Back Pain During Pregnancy
As your pregnancy advances and your uterus enlarges, you’re likely to feel some discomfort. Back pain is a common complaint.
But you don’t have to grin and accept back pain as a normal part of your pregnancy. You can take steps to stop the soreness. It’s a good idea to learn these techniques now, because you’ll probably need them again later when your back is bearing the strain of constantly lifting your 7- to 10-pound baby or your 20-pound toddler.
What causes back pain in pregnancy?
At least 50 percent of women experience back pain during pregnancy. Pregnant women are prone to backaches and back pain for a number of reasons:
Extra weight. The weight you gain during pregnancy is good for your baby, but it can be bad for your back.
Change in center of gravity. As your uterus grows, your center of gravity shifts forward. Gradually— and perhaps without notice—you begin to adjust your posture and the way you move. These compensations can lead to backaches and back pain.
Your hormones. During pregnancy, the hormone relaxin causes the ligaments between your pelvic bones to soften and your joints to loosen in preparation for your baby’s passage through your pelvis during birth. As the structures that support your pelvic organs become more pliant, you may feel considerable discomfort on either side of your lower back, often with walking, especially up and down stairs.
Back pain can occur at any time during pregnancy. For many women, it interferes with daily activities and the ability to get a good night’s sleep.
What can you do?
These self-care strategies can put your back on track:
Pay attention to your posture. The healthy posture that you learned before you were pregnant still applies in early pregnancy, before your uterus is above your bellybutton. Tuck your buttocks under, pull your shoulders back and downward, and stand straight and tall.
Later in pregnancy, as your uterus enlarges, you naturally pull your shoulders back farther to offset the weight of your uterus pulling you forward. This can actually cause back strain. Talk to your doctor about adjusting your posture to accommodate your growing belly.
Make adjustments when sitting or standing. Sit with your feet slightly elevated, and don’t cross your legs. Change position often, and avoid standing for long periods of time. If you must stand for a while, rest one foot on a low step stool.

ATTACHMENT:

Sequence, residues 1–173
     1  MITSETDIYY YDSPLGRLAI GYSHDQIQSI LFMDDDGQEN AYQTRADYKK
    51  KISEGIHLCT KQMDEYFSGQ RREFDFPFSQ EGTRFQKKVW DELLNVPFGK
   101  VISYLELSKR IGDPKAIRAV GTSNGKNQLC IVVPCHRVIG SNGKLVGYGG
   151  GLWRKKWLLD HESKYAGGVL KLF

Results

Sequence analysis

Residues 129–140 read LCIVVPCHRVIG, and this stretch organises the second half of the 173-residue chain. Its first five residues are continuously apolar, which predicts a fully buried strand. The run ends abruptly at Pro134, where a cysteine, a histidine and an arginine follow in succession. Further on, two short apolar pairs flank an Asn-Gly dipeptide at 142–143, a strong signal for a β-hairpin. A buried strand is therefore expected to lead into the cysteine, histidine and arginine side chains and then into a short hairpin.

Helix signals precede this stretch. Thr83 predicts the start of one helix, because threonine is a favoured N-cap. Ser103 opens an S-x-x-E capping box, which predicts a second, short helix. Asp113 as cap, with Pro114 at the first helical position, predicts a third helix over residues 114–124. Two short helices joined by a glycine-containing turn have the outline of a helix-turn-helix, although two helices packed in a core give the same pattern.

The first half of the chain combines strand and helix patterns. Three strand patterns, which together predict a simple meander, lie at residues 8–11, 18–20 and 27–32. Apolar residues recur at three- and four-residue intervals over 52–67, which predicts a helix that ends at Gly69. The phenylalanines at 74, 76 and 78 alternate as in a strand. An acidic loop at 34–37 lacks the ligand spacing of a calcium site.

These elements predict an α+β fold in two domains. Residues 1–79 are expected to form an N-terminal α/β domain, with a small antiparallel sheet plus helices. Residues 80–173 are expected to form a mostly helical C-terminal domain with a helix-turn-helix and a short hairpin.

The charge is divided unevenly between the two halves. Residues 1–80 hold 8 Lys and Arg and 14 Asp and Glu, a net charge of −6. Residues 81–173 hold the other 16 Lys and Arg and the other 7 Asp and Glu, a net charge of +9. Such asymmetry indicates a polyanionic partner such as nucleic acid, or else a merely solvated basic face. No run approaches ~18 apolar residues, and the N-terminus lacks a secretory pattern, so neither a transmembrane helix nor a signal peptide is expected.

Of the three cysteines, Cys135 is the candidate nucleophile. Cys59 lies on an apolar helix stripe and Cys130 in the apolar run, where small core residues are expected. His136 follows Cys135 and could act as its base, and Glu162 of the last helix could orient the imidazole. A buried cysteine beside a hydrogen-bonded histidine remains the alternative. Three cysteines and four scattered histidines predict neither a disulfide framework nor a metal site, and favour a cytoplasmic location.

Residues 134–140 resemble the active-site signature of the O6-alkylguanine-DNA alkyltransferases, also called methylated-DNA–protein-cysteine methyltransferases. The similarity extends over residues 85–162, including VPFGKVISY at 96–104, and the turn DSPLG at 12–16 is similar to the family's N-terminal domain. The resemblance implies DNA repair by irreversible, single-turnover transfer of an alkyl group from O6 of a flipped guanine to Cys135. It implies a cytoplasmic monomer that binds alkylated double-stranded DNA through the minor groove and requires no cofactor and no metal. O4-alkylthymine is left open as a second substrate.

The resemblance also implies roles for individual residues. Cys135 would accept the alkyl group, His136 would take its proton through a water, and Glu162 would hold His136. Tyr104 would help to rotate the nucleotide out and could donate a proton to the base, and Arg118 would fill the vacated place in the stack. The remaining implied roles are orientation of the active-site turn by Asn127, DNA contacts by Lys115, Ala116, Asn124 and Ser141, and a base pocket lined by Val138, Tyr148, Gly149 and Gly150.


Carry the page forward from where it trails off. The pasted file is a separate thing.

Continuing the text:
Strategically place your pillows. Sleep on your side, with one or both knees bent. Place a pillow between your knees and another one under your abdomen. You may also find relief by placing a specially shaped total body pillow under your abdomen.
Avoid lifting heavy objects or children. When lifting a smaller object, don’t bend over at the waist. Instead, squat down, bend your knees and lift with your legs rather than your back. Try to avoid sudden reaching movements or stretching your arms high over your head.
Get the right gear.Wear supportive, low-heeled shoes and maternity pants with a low, supportive waistband. Or consider using a maternity support belt.
Try heat, cold or massage. Apply heat to your back. Try warm bath soaks, warm wet towels, a hot water bottle or a heating pad. Some women find relief by alternating ice packs with heat. A back massage also may help.
Stay fit. As long as your health care provider approves, an exercise program can keep your back strong and may actually relieve back pain. Some women enjoy swimming, and doctors highly recommend it—the body’s buoyancy in the water offers relief from the extra weight of pregnancy. You also might like walking or taking a prenatal exercise or yoga class. On your own, you can try an exercise called a pelvic tilt or cat stretch: Kneel on your hands and knees with your head in line with your back. Pull in your abdomen, arching your spine upward. Hold the position for several seconds, then relax your abdomen and back. Repeat three to five times, working gradually up to 10.
If these self-care steps aren’t working or your back pain is severe, talk to your health care provider. He or she may suggest a variety of approaches, such as special stretching exercises, that can alleviate pain without causing concern for your unborn baby.
Pain in your back may be a sign of a more serious problem if it’s severe and unrelenting or if it’s accompanied by other signs and symptoms. A low, dull backache may be a sign of labor or preterm labor. So, it’s best not to ignore your aching back.